Total instructional time for the lessons (for 4th graders) that follow is about two hours–comprised of two, hour-long class periods. The first class period is dedicated solely to “Self,” while the second is dedicated to “Others” and “Surroundings.”
In the digital citizenship version of S.O.S., considerations of “Self” centered around students preserving their reputations online. We began our discussion of this part by talking briefly about what a “reputation” is, about what “online” really means, and about the what similarities and differences between a “regular reputation” and an “online reputation” might be.
Next I informed students that, technically speaking, most of what we’d be talking about on this topic doesn’t, shouldn’t, even really apply to them. Firstly, their school’s policy was that students were not permitted to use personal devices (smartphones, tablet computers, laptops, etc.) in the school building, nor were they permitted to access social media sites and apps on school devices. Secondly, I pointed out (by way of an as-brief-as-possible look at Terms of Service/Use language in a handful of social media apps and websites) that none of the major social media apps that most students have heard of (such as Facebook, Twitter, WhatsApp, etc.) are meant to be used by anyone under 13 years of age–or, at the very least, not without a parent’s permission and supervision.
In the wake of this information, which struck most students as a minor revelation (and major disappointment), I avoided chiding or embarrassing kids who, earlier in that or some other class period, may have admitted to (or even bragged about) using social media outside of school. The decision whether or not to have social media be a part of their lives, I explained, is ultimately up to their families. Their school is not looking to police their lives outside of school; but, I told the students, the school’s faculty and administration have realized that social media can have such a major impact on students’ lives outside of school that it’s effects are often felt in school–and is therefore a subject that we needed to talk and be informed about.
I pointed to SnapChat as an example of both the incredible scale that social media operates on and the major vulnerabilities present in all social media. That is, we looked at how aspects of our–digital–lives that we may think of as private and temporary can very easily become public and permanent.
Following this example, I told students that they did have some protections online–namely, the Children’s Online Privacy Protection Act (COPPA). We didn’t get too deep into the specifics of this legislation, but I tried to illustrate some of the issues involved by showing students Common Sense Media’s “Follow the Digital Trail” video, which I’ve found to be extremely efficient and effective in conveying ideas about privacy, caution, and agency.
The opening slide for the “Others” part of the lesson is subtitled “Cyberbullies, Haters, and Trolls–Oh my!” As these terms were often unfamiliar to most students in the class (but not all of them, for better or worse), first we worked on a definition of the term “cyberbully.” Then we talked about the basic perceived difference between “hater” and a “troll.”
These definitions lead us to the discussion of “Surroundings.”
I began this part of the lesson with a discussion about what it might mean to be responsible in one’s online “surroundings.” We couldn’t recycle paper online or be sure to push in our chairs in a video game (well, not really), I offered, but we spend so much time in “cyberspace,” “with” other people, that it made perfect sense to extend S.O.S. into this realm.
I tried to convey the real importance of being a good digital citizen by pointing to the cover article–by Joel Stein–from the August 18, 2016, issue TIME magazine:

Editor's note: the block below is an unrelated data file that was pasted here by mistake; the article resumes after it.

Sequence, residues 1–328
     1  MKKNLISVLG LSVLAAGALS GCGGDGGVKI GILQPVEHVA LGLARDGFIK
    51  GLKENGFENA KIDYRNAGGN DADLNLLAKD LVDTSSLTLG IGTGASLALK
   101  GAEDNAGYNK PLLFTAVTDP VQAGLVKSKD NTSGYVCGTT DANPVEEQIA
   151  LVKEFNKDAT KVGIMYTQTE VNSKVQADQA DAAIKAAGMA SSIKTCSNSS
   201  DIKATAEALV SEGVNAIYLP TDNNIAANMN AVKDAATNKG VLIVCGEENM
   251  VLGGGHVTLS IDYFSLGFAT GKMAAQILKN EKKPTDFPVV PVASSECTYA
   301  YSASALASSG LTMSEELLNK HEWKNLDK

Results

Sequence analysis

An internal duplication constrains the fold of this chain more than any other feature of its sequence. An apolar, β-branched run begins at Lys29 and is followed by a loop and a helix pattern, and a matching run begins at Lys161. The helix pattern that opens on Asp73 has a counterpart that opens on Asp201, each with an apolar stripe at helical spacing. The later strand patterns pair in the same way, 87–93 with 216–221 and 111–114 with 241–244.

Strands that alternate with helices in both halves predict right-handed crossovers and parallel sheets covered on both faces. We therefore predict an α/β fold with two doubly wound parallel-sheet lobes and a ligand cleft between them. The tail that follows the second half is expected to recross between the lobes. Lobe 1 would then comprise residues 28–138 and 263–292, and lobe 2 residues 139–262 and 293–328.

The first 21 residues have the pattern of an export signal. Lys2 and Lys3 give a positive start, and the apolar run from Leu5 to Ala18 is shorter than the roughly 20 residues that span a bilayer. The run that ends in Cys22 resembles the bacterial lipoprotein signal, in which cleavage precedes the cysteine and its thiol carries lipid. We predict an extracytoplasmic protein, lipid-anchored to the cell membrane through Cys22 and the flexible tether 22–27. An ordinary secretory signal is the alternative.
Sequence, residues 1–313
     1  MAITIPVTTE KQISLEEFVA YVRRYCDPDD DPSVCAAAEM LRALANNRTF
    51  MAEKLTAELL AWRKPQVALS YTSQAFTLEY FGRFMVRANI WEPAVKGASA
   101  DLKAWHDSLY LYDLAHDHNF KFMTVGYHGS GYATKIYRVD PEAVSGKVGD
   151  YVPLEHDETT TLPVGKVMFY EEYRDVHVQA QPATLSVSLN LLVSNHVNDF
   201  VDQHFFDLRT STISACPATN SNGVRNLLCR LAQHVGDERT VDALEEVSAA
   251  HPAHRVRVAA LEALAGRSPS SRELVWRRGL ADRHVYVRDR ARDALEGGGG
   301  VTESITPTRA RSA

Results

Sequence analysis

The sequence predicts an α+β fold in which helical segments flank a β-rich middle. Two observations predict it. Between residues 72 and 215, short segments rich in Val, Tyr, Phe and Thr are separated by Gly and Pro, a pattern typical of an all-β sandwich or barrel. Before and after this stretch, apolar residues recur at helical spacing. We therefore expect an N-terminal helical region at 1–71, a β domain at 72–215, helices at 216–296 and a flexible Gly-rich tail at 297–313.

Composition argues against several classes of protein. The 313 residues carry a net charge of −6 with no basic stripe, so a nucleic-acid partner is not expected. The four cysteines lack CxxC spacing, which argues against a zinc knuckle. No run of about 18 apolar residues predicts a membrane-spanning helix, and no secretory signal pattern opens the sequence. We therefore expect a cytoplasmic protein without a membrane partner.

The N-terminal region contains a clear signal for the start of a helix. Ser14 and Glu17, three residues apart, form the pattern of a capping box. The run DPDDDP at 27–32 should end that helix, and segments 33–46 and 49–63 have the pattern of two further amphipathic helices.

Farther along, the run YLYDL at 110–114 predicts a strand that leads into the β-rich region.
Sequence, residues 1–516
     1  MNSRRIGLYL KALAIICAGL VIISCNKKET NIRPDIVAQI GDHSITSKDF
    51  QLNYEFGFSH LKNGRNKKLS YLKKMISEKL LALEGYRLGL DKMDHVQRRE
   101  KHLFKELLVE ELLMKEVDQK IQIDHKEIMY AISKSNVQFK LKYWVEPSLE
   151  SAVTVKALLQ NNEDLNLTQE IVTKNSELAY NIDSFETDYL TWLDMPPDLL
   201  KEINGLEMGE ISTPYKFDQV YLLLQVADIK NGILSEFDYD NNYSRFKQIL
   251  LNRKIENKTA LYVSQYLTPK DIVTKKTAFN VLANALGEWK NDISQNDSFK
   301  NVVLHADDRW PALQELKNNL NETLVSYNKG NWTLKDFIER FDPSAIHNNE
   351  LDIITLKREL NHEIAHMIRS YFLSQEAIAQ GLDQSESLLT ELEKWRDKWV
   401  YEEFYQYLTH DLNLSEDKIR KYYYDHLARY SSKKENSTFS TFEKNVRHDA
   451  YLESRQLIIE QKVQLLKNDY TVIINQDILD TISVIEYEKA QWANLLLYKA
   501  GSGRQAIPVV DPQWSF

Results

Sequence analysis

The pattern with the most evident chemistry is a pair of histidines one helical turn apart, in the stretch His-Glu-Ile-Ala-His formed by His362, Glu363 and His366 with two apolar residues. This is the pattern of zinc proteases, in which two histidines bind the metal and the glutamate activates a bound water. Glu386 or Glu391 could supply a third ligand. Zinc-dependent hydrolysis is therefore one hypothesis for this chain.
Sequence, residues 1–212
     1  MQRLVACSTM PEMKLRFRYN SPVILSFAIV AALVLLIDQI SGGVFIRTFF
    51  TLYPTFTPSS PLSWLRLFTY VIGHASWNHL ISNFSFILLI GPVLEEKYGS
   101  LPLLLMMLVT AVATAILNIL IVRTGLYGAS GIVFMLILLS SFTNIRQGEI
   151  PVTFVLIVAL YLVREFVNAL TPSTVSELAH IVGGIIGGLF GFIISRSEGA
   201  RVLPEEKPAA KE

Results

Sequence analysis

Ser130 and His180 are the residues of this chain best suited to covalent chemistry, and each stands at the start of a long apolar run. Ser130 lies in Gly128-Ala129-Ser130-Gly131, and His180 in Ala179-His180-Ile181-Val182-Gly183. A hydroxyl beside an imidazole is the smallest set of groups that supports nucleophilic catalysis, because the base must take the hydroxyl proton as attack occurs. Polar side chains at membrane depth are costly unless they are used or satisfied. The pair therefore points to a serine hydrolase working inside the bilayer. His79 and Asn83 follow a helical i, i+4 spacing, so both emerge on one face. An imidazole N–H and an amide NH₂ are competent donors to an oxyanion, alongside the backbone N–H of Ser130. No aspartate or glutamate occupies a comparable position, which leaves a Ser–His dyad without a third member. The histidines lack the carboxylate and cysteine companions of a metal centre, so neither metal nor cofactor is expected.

Stein’s article makes a compelling case for the very great stakes involved in leaving this “culture of hate” unchallenged. I’ve felt this position could be summed up (or, at least, have its foundation built) for my students with the following quote from Stein:
Following this weighty point, I took the students back a step to talk about what a “forum” is–both in its original form and in relation to cyberspace, mentioning along the way (with help from Stein’s article) the near-utopian idealism that early internet architects carried with them into cyberspace.
What I suggested, then, is that, if we agree with Stein, the cyberspace equivalent of this–
could turn into something like this–
Speaking of vandals, and looking to tie some of these issues to students’ everyday lives (or, at the very least, to 4th graders’ everyday academic lives), we then had a quick discussion about what the impact of bad digital citizenship might be on, say, a student trying to do a research project for a class, only to find that someone’s been messing with a source that student relies on to learn about something.
To counter some of the potentially daunting and even unsettling notes these considerations of digital citizenship might sound for students, I would end these discussions on notes that were both empowering and hopeful, as well. I found that Common Sense Media’s “Pause and Think Online” video is extremely effective in this regard. I’ve yet to show it to a class that hasn’t been clapping and singing by the end of the song, or that hasn’t asked to watch the video again as soon as it’s finished.
Over the past couple of years, it’s been been both fascinating (given the rapidly changing pace of the nature of digital citizenship in recent years) and highly valuable (in order to keep my own understanding of these issues relevant) to hear from my colleagues who’ve taught my former students, in order to learn what’s stuck with students and what hasn’t from these lessons, from these discussions. I see it as incredibly vital that considerations of digital citizenship become truly integrated throughout a great variety of classroom spaces in schools, and that this integration is both flexible and responsive, given that we, as teachers, will continue to encounter digital citizenship challenges none of us has even thought of yet.
During a Game/Mobile Design internship at the American Museum of Natural History (Fall 2014) I worked on a program called “The Neanderthal Next Door,” which was
a 27-session youth program for 21 12th-graders that’s designed to develop and implement a digitally augmented (augmented reality-enhanced) print activity guide that explores the topic of human evolution through the frame of Neanderthals.
The piece of the program I worked on the most was developing a design-thinking approach that would guide the 12th-graders in their work. Given the time we had with the students, I thought an approach that used a selection of Stanford d.school’s Bootcamp Bootleg cards would work best. Below is a post about a few of the sessions that the program’s director, Barry Joseph, asked me to write for his blog, mooshme.org: